The project is slated to end in October. But instead of simply disposing of the Whitechapel fatberg, officials want to make use of it. Argent Energy—which has in the past relied on sources like rancid mayonnaise and old soup stock—plans to process fatberg sludge into more than 2600 gallons of biodiesel, creating "enough environmentally friendly energy to power 350 double-decker Routemaster buses for a day," according to Thames Water.

"Even though they are our worst enemy, and we want them dead completely, bringing fatbergs back to life when we do find them in the form of biodiesel is a far better solution for everyone," said company official Alex Saunders.

In addition to powering buses, the Whitechapel fatberg may also become an unlikely cultural touchstone: The Museum of London is working with Thames Water to acquire a chunk of the fatberg, according to BBC News. The waste exhibit will represent just one of the many challenges facing cities, and remind visitors that they are ultimately responsible for the fatberg phenomenon.

"When it comes to preventing fatbergs, everyone has a role to play," Rimmer says. "Yes, a lot of the fat comes from food outlets, but the wipes and sanitary items are far more likely to be from domestic properties. The sewers are not an abyss for household rubbish."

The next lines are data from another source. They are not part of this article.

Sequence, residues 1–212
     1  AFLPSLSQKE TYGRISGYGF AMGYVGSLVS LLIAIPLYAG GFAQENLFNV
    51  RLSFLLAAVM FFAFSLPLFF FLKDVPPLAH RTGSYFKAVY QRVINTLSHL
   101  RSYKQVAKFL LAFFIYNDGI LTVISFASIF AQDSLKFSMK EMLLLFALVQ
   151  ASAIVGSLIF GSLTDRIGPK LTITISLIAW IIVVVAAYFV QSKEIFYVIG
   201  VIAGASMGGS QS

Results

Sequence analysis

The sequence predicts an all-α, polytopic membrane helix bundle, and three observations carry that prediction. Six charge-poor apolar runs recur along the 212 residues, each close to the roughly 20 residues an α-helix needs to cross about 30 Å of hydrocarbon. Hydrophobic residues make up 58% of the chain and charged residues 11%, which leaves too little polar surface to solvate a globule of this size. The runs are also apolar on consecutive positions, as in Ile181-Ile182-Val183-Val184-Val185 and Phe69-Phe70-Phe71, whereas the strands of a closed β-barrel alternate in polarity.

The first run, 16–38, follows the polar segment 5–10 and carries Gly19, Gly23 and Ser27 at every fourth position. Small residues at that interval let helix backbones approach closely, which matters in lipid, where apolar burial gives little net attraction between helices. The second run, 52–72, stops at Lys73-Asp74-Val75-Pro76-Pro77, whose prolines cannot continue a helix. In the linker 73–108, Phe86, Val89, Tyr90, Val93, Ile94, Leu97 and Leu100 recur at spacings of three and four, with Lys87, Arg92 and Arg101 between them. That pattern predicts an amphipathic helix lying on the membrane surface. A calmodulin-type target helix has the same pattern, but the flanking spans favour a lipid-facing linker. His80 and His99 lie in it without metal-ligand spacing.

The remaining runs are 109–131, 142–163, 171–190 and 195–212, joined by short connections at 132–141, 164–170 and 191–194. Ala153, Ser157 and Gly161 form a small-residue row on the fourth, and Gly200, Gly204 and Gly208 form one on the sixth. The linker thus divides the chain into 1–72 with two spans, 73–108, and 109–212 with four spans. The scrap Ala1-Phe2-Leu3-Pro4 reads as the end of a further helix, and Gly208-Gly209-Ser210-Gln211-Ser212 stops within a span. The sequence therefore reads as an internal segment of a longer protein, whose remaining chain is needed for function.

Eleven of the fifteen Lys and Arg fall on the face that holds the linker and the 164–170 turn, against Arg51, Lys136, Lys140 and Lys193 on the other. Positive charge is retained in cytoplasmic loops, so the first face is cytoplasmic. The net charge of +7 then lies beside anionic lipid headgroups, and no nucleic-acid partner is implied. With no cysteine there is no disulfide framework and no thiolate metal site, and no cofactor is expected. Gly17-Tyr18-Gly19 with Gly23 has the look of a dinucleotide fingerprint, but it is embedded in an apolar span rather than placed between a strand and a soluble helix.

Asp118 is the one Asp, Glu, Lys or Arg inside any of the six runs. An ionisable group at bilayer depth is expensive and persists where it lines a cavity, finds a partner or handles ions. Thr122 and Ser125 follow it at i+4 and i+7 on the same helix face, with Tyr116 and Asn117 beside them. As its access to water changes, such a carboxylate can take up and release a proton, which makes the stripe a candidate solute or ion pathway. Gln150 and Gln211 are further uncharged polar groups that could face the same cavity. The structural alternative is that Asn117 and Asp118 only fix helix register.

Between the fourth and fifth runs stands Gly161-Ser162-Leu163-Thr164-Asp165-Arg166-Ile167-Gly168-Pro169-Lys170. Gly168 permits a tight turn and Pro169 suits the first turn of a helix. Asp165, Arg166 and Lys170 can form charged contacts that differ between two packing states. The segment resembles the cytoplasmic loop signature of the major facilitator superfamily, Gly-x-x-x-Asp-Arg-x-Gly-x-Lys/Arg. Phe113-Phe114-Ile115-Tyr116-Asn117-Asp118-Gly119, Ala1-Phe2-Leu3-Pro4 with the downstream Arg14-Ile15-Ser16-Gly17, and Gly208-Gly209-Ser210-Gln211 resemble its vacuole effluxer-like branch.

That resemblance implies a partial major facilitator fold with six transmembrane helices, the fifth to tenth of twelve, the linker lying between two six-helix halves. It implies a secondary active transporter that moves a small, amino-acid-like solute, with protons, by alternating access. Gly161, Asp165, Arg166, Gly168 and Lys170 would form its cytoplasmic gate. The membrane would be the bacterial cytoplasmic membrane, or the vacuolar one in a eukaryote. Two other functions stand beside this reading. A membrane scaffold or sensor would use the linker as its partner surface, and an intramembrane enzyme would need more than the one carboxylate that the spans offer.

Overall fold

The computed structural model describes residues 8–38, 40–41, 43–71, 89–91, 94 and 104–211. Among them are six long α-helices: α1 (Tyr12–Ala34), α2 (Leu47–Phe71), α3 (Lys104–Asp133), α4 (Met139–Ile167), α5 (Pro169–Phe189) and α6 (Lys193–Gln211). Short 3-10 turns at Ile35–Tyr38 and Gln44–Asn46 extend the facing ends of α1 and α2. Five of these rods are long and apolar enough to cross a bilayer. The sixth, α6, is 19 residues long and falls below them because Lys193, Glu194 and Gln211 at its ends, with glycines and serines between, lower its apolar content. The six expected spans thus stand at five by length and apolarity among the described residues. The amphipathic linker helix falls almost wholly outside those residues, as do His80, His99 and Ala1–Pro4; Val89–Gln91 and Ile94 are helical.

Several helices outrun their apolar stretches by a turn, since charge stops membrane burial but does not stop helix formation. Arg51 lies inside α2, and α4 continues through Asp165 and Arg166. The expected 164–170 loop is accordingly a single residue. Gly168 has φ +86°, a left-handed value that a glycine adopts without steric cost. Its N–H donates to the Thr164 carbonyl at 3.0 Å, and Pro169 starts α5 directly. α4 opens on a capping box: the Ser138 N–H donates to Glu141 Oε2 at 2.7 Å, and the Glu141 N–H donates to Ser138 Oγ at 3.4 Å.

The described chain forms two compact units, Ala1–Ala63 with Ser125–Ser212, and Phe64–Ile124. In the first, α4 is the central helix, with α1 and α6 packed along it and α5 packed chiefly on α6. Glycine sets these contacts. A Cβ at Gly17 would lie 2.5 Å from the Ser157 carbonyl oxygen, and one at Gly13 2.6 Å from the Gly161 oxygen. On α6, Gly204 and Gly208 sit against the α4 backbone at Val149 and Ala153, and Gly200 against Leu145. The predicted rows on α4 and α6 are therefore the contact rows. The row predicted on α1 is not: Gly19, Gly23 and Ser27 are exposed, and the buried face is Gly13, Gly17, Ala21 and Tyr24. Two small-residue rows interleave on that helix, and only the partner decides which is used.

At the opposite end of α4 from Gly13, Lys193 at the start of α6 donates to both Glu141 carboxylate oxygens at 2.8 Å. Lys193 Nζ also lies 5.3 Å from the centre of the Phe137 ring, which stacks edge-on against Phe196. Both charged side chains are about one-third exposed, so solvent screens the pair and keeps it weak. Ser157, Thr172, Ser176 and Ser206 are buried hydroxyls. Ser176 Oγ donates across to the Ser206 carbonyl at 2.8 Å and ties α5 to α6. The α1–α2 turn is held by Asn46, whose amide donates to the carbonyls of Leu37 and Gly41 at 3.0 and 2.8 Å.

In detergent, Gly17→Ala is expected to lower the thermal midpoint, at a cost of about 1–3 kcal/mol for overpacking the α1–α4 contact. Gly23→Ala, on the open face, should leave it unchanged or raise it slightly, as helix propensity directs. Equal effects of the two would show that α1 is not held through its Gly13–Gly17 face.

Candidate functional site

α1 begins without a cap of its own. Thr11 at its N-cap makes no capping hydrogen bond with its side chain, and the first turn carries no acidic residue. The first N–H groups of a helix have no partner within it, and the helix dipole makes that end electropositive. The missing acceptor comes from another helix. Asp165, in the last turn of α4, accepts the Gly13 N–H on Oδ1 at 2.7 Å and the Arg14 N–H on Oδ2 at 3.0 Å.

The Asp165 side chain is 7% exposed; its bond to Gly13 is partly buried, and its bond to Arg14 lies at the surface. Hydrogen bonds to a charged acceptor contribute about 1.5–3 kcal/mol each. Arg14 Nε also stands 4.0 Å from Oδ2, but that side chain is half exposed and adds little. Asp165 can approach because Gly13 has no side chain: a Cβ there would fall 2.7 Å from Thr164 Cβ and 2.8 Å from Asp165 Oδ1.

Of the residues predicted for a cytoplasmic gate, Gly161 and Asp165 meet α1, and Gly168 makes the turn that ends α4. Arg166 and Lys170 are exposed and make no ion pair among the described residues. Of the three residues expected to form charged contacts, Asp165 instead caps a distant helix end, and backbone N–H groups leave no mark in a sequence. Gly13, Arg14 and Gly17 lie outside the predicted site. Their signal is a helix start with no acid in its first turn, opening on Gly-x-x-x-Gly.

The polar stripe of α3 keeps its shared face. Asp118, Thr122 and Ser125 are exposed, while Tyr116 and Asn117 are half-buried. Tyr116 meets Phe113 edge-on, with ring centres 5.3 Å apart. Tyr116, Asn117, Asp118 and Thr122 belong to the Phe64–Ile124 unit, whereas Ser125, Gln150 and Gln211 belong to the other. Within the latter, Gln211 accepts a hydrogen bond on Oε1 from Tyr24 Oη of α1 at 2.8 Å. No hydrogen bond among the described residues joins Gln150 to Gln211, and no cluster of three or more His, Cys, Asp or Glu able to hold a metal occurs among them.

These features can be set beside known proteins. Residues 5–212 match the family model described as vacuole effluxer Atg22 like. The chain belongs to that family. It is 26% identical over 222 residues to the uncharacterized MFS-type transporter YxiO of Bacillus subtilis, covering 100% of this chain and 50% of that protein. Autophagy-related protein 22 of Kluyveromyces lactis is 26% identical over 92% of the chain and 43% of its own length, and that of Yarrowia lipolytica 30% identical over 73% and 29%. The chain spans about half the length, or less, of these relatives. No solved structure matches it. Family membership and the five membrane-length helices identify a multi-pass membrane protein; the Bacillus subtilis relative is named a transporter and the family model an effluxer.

[h/t The Guardian]

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Restaurant Seeks Donations to Big Mouth Billy Bass Adoption Center
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Kevin Burkett, Flickr // CC BY-SA 2.0

If you’ve ever wondered where all those Big Mouth Billy Bass singing fish that flew off shelves in the early 2000s have gone, take a look inside a Flying Fish restaurant. Each location of the southern seafood chain is home to its own Big Mouth Billy Bass Adoption Center, and they’re always accepting new additions to the collection.

According to Atlas Obscura, the gimmick was the idea of Dallas-based restaurateur Shannon Wynne. He opened his flagship Flying Fish in Little Rock, Arkansas in 2002 when the Big Mouth Billy Bass craze was just starting to wind down. As people grew tired of hearing the first 30 seconds of “Don’t Worry Be Happy” for the thousandth time, he offered them a place to bring their wall ornaments once the novelty wore off. The Flying Fish promises to “house, shelter, love, and protect” each Billy Bass they adopt. On top of that, donors get a free basket of catfish in exchange for the contribution and get their name on the wall. The Little Rock location now displays hundreds of the retired fish.

Today there are nine Flying Fish restaurants in Arkansas, Texas, and Tennessee, each with its own Adoption Center. There’s still space for new members of the family, so now may be the time to break out any Billy Basses that have been collecting dust in your attic since 2004.

And if you’re interested in stopping into Flying Fish for a bite to eat, don’t let the wall of rubber nostalgia scare you off: The batteries from all the fish have been removed, so you can enjoy your meal in peace.